A detail to remember: "The files on most of Liberia’s Ebola cases are stored in three-ring binders on a shelf in an abandoned World War II-era chimpanzee testing lab, filled with bats." More here.

At War on the Rocks, Paul Avey fires back at Tom Ricks’ charges that the most recent issue of International Security is "boring," and that political scientists are irrelevant. You can read his essay here.

Rival political groups to hold talks today in Libya, but militias aren’t welcome. Reuters’ Ulf Laessing: "Libya’s elected parliament will hold its first talks on Monday with members from an opposing city linked to a rival assembly, lawmakers said, starting a badly needed dialogue as the oil-producing country teeters on the edge of collapse.

"The House of Representatives, the internationally recognized parliament elected in June, was uprooted last month when an armed group from the western city of Misrata took control of the capital Tripoli and set up its own assembly and cabinet there.

"The meeting in Ghadames, a southern town near the Algerian border, was brokered by the United Nations in an attempt to prevent the country from descending into anarchy and civil war, three years after the uprising that ended the 42-year-rule of Muammar Gaddafi." More here.

Today at high noon, the U.S. Institute of Peace hosts a Twitter discussion on security and justice issues in Libya. Join the hour-long conversation with #USIPLibya.  Deets here.

Meet the Zumwalt: The US Navy’s stealth destroyer that will go to sea next spring. Defense News’ Christopher Cavas: "The ship is plainly visible from Front Street, across the Route 1 bridge in downtown Bath. Nothing like this angular, almost hulking giant has ever been seen here, even after well over a century of shipbuilding at Bath Iron Works. The futuristic shape of the Zumwalt, DDG 1000, has become familiar after more than a decade of graphics presentations and artist drawings, and models of the destroyer have been a staple at naval expositions for years. But now the whole ship is coming together, all construction blocks assembled and set afloat. People walk her decks and she rises and falls with the tide as all that planning turns into a real thing. She’ll take to the sea for the first time in the spring." The story with graphics here.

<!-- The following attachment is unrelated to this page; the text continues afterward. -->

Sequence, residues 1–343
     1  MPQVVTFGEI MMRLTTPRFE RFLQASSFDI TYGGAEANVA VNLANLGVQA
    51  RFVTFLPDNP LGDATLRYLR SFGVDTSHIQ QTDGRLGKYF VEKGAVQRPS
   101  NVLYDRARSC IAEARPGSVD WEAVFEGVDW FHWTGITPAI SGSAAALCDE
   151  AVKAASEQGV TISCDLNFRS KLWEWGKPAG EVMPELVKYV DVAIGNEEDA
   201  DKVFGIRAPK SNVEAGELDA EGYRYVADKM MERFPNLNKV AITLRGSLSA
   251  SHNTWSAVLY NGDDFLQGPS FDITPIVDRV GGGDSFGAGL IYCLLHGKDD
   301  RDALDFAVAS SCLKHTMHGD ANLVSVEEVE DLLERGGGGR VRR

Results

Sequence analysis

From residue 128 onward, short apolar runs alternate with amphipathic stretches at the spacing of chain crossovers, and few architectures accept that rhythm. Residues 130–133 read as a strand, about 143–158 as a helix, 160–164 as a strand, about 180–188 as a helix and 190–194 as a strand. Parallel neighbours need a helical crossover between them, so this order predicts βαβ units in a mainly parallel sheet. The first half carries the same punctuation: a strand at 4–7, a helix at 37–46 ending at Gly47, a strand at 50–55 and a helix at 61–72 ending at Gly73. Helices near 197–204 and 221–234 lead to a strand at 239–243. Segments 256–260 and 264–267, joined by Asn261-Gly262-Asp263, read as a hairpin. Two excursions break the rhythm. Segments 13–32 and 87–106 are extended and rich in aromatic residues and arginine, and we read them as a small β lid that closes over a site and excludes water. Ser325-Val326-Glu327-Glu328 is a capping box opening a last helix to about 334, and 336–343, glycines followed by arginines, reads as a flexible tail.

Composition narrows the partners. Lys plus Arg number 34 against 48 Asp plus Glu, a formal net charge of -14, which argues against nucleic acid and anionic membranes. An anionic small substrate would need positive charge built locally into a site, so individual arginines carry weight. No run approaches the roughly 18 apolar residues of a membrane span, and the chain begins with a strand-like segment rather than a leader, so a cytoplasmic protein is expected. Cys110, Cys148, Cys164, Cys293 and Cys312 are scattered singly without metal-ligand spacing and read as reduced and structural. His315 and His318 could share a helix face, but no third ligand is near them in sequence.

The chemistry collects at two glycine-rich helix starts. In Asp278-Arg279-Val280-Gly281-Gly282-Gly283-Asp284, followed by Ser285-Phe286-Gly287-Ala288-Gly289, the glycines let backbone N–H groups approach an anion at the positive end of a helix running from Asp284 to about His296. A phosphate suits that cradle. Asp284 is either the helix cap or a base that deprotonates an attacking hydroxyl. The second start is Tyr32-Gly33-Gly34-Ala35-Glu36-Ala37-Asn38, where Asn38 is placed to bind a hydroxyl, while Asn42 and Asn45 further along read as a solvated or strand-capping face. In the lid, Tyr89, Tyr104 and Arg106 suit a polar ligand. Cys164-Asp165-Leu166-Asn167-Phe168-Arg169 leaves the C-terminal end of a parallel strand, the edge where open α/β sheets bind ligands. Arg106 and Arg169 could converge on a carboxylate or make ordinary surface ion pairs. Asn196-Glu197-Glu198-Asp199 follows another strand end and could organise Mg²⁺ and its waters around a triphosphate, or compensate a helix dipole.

China thinks it can defeat America without a battle. Joseph Bosco for Real Clear Defense here.

Minor infractions are sending Cambodian refugees back to a land they hardly recognize — and once fled in terror. Katya Cengel for FP here.